Wild Night Is Calling: Some Thoughts on the Super Bowl Aftermath in Philadelphia

Today, I hope that young man’s parents, after viewing that video, are right now taking a serious self-inventory of themselves and asking, “Where did we go wrong?”

“Philadelphia merely seems dull because it’s next to exciting Camden, New Jersey.”

~Robert Anton Wilson

Getty Images Phila (2)

(photo credit: Getty Images)

Right now, in Philadelphia and the city’s surrounding communities, to say nothing of those who have moved far away from the area, yet remain loyal fans of the city’s sport franchises, thousands of people are basking in the Philadelphia Eagles’ victory over The New England Patriots. This post, however, is about the aftermath of the Super Bowl win.

If you are inclined to follow the news, you may have seen some footage from places like The Ritz Carlton Hotel on Broad Street. Some revelers thought it would be a good idea to climb onto the canopy over the main entrance. As evident in the video, not a one was a qualified structural engineer or canopy manufacturer. It didn’t end well.  I worked at the Ritz Carlton once upon a time. I know the canopy (or perhaps I should refer to it in the past tense?).

For a more comprehensive glimpse of what went on, take a look at this video. At a minute twenty-five seconds into the clip (1:25/3:01), one gentleman makes a life-changing decision. I hope some of the other people actually caught him. If not, I can’t imagine that guy got up and walked away; however, it’s been said that the angels always look out for drunks.

Despite such potentially deadly stunts, the Philadelphia Police Department, at least as of today, reported no deaths related to the goings-on last night. Injuries and vandalism, of course, were another matter.

News of the Super Bowl celebration’s downward spiral in Philadelphia spread quickly.  The New York Post today offered this article: Fires, mayhem, insane trust falls in Philly After Super Bowl Win. Not to be undone, Newsweek pulled no punches in this article.

Philadelphia is not alone in cities that go ape-shit crazy after a championship game. I could post a long list of links here, but I am fairly certain that internet-savvy readers have already seen hours of that sort of footage over the years. Still, in all of the championship celebrations that have gotten out of control, I don’t remember ever seeing a guy eat horse shit on a dare. I won’t post the video here (even I have my limits), but the footage was picked up by several news outlets from The Daily Mail to The Oregonian. If you’re of a mind, you can google that one yourself.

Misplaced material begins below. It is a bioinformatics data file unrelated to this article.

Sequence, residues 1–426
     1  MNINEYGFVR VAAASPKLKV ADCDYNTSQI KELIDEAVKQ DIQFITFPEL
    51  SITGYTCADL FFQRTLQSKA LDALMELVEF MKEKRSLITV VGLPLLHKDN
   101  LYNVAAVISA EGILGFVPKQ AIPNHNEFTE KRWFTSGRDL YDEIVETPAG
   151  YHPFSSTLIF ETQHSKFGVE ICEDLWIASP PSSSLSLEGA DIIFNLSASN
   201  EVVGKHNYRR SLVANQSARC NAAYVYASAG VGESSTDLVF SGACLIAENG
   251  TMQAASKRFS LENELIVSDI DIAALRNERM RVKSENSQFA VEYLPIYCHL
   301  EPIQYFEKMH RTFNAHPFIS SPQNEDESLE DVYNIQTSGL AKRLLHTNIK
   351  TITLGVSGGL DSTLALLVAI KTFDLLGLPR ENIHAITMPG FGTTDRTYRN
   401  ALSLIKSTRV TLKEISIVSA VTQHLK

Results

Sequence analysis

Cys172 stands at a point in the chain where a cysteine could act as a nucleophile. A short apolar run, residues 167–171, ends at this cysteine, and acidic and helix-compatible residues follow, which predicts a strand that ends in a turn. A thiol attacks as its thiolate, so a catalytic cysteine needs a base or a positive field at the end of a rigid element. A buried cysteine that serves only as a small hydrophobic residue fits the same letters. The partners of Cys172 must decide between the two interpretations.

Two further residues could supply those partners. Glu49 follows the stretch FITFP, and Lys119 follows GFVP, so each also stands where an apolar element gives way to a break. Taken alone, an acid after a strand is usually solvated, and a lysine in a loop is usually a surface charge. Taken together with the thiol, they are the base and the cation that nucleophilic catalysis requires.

They say every generation does a little better than the last. Evidently, the horse shit connoisseur didn’t get that memo. Today, I hope that young man’s parents, after viewing that video, are right now taking a serious self-inventory of themselves and asking, “Where did we go wrong?” Also, does anyone know if eating horse poop will, perhaps by way of numerous debilitating infections, make a person sterile enough to kill any chance of reproduction? I sure hope so.


Montag, Winston, and Yossarian Walk into a Bar…

Just when I think there’s no hope left in the world (or in this country, at least) a student of mine begged another to read Catch-22.


Okay, “begged” is a strong word. Still, I was a taken aback. Don’t get me wrong. I loved Catch-22 (among other Heller books). But it’s been my experience as of late that college students just don’t seem as passionate about novels. So when the student who strongly suggested to his classmate that he read Catch-22 began summarizing Yossarian’s woes I remained silent, allowing him to pitch Heller’s book to his peer. It was glorious!

“What about Fahrenheit 451?” Another student inquired. “Should I read that?”


“Yes!” A collective cry went up from the opposite side of the room.

Call it a sign of the times. Call it pure coincidence. I had to throw my own recommendation into the discussion.

“While you’re at it,” I said, “read Nineteen Eighty-Four.”


We talked about Winston. We talked about Julia. We talked about my namesake O’Brien who broke Winston and, in the end, caused him to love Big Brother.

In one classroom in this country a dozen or more students talked about these three books in terms of deserving another read. Imagine if college students and other young people all decided to reacquaint themselves with these tales. I like the prospect of that.